PGA Tour commissioner Jay Monahan said he has not spoken to Phil Mickelson since his controversial comments about the tour came to light last month, but that a conversation will need to take place before the six-time major champion returns to play.
Mickelson, 51, announced two weeks ago that he was taking time away from the game "to prioritise the ones I love most and work on being the man I want to be."
That followed inflammatory comments, made late last year but publisised only last month, about the PGA Tour and the potential breakaway Super Golf League. Mickelson said then that he was using the new league as leverage against the sport’s lead circuit.
Speaking late Tuesday during a press conference ahead of this week’s Players Championship, Monahan said: "He stepped away on his own accord, and he's asked for time. He's been given that time. We don't comment on disciplinary matters, potential matters or actual matters. But every player is accountable for their actions out here.
“I think that, as it relates to Phil, you said it: The ball is in his court. He has said that he's stepping away and he wants time for reflection. That's something that I and we are going to respect and honour. When he's ready to come back to the PGA Tour, we're going to have that conversation. That's a conversation I look forward to."
The PGA Tour does not announce disciplinary measures, although some of its members, including four-time major champion Rory McIlroy, have asked for more transparency in relation to suspensions and bans.
"I would welcome a phone call from him," Monahan said of Mickelson. "But it's hard for me to talk about the different scenarios that could play out.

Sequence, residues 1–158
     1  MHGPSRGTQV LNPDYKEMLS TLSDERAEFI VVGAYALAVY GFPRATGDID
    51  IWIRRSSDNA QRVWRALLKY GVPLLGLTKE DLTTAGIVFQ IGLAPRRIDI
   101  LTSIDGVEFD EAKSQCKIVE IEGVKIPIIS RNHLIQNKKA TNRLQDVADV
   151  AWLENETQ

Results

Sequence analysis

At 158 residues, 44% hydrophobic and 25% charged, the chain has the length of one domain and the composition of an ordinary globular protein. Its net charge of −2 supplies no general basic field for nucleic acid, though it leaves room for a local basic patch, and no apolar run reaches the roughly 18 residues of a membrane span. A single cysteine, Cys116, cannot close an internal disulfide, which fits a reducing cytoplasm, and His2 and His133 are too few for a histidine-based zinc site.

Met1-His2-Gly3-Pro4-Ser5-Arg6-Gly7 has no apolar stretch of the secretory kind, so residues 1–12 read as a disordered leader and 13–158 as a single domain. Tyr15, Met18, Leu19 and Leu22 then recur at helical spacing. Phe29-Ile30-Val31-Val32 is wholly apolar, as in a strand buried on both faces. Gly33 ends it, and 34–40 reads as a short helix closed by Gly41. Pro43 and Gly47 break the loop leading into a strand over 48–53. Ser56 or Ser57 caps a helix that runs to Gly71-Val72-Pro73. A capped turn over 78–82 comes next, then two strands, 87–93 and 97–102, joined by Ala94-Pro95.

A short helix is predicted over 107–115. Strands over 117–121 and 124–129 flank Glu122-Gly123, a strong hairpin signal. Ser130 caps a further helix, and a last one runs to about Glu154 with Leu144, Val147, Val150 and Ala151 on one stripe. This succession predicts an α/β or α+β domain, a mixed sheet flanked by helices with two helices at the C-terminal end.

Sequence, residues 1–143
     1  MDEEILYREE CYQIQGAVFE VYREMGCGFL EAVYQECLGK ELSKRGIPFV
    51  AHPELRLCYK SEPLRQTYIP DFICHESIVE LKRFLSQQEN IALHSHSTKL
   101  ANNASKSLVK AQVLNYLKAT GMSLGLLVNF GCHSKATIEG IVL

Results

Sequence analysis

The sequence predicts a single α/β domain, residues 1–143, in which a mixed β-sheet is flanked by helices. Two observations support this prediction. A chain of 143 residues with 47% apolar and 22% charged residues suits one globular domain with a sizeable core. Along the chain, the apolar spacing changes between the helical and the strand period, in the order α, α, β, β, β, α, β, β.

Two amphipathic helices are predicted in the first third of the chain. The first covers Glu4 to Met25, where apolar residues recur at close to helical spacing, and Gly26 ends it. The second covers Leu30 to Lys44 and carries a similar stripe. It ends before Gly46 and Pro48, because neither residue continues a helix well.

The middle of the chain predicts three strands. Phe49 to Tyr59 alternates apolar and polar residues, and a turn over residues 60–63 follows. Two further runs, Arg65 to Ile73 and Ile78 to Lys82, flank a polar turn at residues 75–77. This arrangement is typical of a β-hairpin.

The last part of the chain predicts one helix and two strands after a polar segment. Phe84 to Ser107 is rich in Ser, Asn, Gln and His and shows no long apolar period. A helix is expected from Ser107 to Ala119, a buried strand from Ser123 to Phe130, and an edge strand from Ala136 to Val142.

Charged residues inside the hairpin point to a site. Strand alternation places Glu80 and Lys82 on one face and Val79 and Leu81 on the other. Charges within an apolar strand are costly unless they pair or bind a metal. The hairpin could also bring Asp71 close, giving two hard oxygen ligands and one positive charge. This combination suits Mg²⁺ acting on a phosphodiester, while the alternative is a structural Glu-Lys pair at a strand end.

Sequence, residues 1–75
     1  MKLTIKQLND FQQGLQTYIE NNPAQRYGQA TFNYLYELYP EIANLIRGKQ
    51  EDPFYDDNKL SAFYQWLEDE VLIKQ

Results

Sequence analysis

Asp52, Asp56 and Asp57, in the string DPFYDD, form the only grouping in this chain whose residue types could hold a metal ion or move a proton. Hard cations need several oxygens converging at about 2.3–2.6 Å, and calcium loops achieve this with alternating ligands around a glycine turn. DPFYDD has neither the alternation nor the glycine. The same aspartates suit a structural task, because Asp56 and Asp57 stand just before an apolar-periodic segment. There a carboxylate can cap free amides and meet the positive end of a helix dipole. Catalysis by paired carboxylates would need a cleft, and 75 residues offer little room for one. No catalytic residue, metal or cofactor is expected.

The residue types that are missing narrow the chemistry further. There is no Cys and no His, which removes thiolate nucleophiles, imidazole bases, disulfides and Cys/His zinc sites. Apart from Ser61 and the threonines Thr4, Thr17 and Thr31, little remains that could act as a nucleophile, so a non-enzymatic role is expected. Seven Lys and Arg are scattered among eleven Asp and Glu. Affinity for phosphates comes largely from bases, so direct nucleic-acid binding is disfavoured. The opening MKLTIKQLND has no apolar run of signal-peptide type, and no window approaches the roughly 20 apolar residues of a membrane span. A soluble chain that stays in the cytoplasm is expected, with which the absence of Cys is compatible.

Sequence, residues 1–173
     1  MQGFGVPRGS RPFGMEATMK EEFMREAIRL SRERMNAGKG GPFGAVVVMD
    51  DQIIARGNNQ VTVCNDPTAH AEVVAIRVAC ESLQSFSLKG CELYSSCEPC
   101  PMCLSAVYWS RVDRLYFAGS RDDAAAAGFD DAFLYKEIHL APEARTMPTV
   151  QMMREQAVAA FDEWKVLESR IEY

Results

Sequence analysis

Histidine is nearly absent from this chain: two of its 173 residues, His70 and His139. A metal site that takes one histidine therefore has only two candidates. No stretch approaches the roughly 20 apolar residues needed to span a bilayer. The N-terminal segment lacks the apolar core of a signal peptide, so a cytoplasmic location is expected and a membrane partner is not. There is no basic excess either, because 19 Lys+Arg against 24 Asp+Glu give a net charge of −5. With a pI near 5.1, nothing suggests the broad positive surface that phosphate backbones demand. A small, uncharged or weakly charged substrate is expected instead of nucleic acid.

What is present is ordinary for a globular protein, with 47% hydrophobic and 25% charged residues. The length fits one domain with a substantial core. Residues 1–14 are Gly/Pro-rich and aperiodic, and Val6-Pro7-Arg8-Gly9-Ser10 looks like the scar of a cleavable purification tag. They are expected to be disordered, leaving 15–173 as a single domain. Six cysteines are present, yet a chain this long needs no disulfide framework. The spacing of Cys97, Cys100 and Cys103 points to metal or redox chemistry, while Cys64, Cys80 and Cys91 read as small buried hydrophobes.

“Listen, he's a player that's won 45 times on the PGA Tour. He's had a Hall of Fame career. He's won here at the Players Championship. He's inspired a lot of people and helped grow this tour, his tour.
“So, as difficult as it is to read some of the things that were said, ultimately a conversation will be had when he's ready to have it, and I will be ready to have it, as well."
Mickelson has been criticised widely for his comments, including by top players such as McIlroy and Justin Thomas. One of the game’s most successful stars, the American has lost a number of long-time sponsors since his remarks were made public.
On Tuesday, Monahan pre-empted questions regarding the proposed Saudi Arabia-backed Super Golf League (SGL). In his opening remarks, the PGA Tour chief said the circuit “is moving on”.
“We have too much momentum and too much to accomplish to be consistently distracted by rumours of other golf leagues and their attempts to disrupt our players, our partners and most importantly our fans from enjoying the tour and the game we all love so much,” Monahan said.
"I am grateful for the strong support our top players have shown recently and publicly, and I'm extremely proud that we've turned the conversation around to focus on what we do best: delivering world-class golf tournaments with the best players to the best fans, all while positively impacting the communities in which we play."
In what felt a veiled rebuke of Mickelson, Monahan added: "We are and we always will be focused on legacy, not leverage."